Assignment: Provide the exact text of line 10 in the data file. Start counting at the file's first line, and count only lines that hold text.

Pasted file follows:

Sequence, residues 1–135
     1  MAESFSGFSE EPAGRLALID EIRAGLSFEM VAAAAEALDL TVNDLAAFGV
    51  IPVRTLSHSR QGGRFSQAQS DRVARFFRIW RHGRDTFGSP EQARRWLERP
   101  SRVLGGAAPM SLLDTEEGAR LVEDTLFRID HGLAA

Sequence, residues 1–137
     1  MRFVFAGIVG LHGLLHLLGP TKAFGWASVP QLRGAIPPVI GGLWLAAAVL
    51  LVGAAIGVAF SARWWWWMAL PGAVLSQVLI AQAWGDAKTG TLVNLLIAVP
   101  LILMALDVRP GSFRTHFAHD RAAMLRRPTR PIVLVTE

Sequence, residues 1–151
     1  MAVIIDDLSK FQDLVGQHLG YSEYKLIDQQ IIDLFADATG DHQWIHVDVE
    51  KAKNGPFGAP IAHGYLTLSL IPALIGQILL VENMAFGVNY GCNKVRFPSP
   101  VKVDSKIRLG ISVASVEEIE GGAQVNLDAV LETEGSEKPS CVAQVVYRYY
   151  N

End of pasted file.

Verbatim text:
     1  MAVIIDDLSK FQDLVGQHLG YSEYKLIDQQ IIDLFADATG DHQWIHVDVE